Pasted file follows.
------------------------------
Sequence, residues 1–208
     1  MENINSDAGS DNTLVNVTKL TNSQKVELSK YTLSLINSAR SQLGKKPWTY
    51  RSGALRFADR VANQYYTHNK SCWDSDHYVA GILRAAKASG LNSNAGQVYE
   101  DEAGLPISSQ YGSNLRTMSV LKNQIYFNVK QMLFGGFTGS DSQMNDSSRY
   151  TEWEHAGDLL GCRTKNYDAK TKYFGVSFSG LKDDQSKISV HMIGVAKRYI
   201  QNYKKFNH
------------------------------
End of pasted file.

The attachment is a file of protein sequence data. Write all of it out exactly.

Sequence, residues 1–208
     1  MENINSDAGS DNTLVNVTKL TNSQKVELSK YTLSLINSAR SQLGKKPWTY
    51  RSGALRFADR VANQYYTHNK SCWDSDHYVA GILRAAKASG LNSNAGQVYE
   101  DEAGLPISSQ YGSNLRTMSV LKNQIYFNVK QMLFGGFTGS DSQMNDSSRY
   151  TEWEHAGDLL GCRTKNYDAK TKYFGVSFSG LKDDQSKISV HMIGVAKRYI
   201  QNYKKFNH